Bordeaux 2014: The importance of an Indian Summer


photo (1)

Following his second day in the region, Jonathan White remarks upon the unlikely character of the 2014 Bordeaux vintage, a combination of freshness and fruit; the gift of an Indian Summer.

Vintage variation is one of the fundamental reasons why many of us love wine and, indeed, the wines of Bordeaux. In an age where research and technology help the winemaker choose optimum sites to plant vines, when to harvest grapes and measure the levels of various components during the fermentation process (not to mention the skill and experience of the talented winemakers themselves), it is hard for a château to produce a poor wine.

It is, however, the weather which really dictates whether a vintage will be regarded as a qualified success or not; thus it was intriguing yesterday to hear that the ‘Indian Summer’ during September and October really saved the vintage in 2014. Some days during these months recording the highest average temperatures of the past 20 years. Following a wet spring and poor August temperatures, many had – until September – feared the worst.

On Monday we were told that Merlot had not been particularly successful at most Left Bank properties. So we were looking forward to our trip to the Right Bank, which presented us with an opportunity to sample the success of Merlot-dominant wines. The weather made it hard for the Merlot to produce optimum levels of sugar and in many cases the grapes were smaller than usual. It was a cold year too, so the wines are high in acidity, but fortunately they are fruity and well balanced too.

Jean-Michel Laporte (Ch. la Conseillante) told us that he sought to focus on freshness in his Merlot, as they couldn’t make big wines like those on the Left Bank. He said that they found it hard to get power in the wines at La Conseillante as nature didn’t give it to them. He sees some similarity in the 2014s with the wines of 2006.

La Conseillante and Ch. Figeac have their own unique terroir and you get a real sense of place with these wines in good vintages; both are really strong this year. Looking through my tasting notes, I have likened both to Grand Cru Burgundy in some respects. The Figeac in particular has a delicious, focused, blackberry-compôte flavour.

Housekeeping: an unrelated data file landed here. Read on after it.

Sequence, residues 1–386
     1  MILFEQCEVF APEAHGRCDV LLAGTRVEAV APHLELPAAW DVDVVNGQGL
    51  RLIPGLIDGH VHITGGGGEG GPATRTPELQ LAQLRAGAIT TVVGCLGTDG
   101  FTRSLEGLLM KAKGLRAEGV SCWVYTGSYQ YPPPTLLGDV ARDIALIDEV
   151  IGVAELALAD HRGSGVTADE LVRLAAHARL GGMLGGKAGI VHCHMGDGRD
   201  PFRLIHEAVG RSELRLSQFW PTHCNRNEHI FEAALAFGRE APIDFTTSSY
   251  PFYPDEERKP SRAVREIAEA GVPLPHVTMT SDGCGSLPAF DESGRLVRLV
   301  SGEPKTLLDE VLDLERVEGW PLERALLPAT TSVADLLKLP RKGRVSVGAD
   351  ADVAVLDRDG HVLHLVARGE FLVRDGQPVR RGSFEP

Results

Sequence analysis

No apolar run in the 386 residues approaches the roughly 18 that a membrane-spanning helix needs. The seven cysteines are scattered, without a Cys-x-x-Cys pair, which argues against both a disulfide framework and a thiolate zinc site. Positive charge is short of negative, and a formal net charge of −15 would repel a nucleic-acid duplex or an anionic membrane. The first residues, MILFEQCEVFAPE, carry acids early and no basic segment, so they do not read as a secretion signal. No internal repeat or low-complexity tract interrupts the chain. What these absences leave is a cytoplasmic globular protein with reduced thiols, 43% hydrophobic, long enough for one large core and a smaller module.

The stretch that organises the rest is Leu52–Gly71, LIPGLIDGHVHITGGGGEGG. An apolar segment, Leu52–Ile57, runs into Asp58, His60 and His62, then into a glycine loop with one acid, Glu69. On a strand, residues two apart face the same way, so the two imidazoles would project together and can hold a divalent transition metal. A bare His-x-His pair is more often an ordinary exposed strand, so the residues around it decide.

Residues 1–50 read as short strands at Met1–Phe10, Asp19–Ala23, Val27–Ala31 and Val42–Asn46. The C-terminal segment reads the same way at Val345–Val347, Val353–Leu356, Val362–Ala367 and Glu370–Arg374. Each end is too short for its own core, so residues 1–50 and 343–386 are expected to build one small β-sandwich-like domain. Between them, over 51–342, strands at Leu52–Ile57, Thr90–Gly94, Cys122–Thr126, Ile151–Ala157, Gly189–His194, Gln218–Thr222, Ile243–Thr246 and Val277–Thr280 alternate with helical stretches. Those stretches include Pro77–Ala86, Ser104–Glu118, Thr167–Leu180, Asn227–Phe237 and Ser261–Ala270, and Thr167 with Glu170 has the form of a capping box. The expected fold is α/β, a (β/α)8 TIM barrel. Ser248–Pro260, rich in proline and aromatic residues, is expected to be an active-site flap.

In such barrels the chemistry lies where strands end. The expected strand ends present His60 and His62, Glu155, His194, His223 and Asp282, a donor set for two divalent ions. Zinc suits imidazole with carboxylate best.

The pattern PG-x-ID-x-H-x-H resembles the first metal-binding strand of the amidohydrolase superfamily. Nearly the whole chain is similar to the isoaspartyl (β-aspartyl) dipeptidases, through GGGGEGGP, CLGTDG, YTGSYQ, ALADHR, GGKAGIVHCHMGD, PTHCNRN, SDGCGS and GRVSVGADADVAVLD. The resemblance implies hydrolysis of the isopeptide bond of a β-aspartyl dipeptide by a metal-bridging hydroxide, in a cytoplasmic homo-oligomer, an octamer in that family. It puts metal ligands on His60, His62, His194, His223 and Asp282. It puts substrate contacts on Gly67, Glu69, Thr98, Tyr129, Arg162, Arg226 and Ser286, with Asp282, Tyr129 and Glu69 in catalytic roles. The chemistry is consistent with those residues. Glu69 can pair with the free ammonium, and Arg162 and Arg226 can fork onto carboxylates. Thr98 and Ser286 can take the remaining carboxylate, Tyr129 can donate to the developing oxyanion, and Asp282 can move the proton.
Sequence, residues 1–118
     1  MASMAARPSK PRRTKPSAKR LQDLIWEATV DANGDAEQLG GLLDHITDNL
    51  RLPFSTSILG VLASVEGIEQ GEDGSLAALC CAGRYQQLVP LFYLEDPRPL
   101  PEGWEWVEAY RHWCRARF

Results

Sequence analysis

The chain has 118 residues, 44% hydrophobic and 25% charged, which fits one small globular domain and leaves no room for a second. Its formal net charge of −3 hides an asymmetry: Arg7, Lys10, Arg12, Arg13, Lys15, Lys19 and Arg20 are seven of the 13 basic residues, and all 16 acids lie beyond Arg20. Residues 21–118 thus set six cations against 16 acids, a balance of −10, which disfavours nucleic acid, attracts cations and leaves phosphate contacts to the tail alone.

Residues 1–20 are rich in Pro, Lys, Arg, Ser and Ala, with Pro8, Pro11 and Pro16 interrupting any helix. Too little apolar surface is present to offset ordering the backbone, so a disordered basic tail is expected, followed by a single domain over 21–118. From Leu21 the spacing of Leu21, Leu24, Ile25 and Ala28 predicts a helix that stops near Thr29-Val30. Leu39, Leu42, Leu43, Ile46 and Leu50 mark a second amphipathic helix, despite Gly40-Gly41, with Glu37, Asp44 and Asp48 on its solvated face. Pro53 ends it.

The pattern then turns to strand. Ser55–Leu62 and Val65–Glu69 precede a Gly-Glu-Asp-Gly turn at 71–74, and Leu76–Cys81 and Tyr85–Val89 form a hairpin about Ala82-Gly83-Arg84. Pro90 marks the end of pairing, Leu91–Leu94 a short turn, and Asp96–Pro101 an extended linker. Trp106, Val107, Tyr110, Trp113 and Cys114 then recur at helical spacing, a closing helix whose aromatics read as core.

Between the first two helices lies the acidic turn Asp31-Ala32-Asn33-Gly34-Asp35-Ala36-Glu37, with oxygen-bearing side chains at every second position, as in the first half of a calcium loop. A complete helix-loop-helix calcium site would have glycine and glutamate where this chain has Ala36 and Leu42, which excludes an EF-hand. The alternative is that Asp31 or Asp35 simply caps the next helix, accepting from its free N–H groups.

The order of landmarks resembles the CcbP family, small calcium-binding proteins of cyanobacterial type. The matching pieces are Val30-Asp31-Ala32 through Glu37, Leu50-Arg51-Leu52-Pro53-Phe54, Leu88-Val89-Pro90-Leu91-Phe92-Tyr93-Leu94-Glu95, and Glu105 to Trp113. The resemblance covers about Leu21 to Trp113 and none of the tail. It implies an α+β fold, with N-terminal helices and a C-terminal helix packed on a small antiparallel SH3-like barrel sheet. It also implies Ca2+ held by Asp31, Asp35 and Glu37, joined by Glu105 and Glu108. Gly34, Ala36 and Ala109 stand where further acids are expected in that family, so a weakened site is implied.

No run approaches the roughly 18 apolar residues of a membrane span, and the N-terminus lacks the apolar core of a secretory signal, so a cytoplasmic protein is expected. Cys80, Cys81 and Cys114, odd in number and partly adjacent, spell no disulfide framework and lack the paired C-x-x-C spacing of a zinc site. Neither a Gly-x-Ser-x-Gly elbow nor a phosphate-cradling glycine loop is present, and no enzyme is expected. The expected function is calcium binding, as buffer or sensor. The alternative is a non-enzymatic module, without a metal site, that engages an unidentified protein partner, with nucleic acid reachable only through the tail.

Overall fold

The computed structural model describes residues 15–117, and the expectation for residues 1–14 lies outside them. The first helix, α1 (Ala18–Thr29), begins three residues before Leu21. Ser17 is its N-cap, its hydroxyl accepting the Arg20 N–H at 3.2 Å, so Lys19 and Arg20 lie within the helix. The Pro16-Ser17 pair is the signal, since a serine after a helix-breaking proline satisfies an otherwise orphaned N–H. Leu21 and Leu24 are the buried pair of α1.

Ch. Ausone is another 2014 which demonstrates a sense of place, their gravelly soils adding hints of earthiness and minerality to the wine. It was another favourite of ours today, although it has to be said that the wines were very consistent across the board, as they were yesterday, as we took in other great estates in St Emilion and Pomerol such as Le Pin, Vieux Château Certan, Ch. Petrus, Ch. Cheval Blanc, the wines of Moueix, and the other wines from the Ch. Ausone stable.

Each Bordeaux vintage is different and, while you may typically find some stylistic consistencies from properties in recent times, it is the subtle changes in characteristics of each wine that provide the intrigue and excitement. Many of the 2014s are approachable now: they will age well of course, but early drinking is certainly an attractive option. This is quite different to other years, where wines either appear to be built for the short or long term.

The ripe, fleshy fruit, finesse, elegance and focus we are finding in the wines is in stark contrast to recent vintages where wines showing this favourable style and flavour were few and far between. Let’s just hope that the quality of the vintage – in addition to how well it is being received by those lucky enough to taste the wines en primeur this week and next – doesn’t encourage the châteaux to price their wines inappropriately. It is no use to anyone if these very good wines are priced out of the market and not offered for customers’ enjoyment.

Follow our team’s progress during their week in Bordeaux: they will be posting updates on the blogInstagramTwitter and Facebook.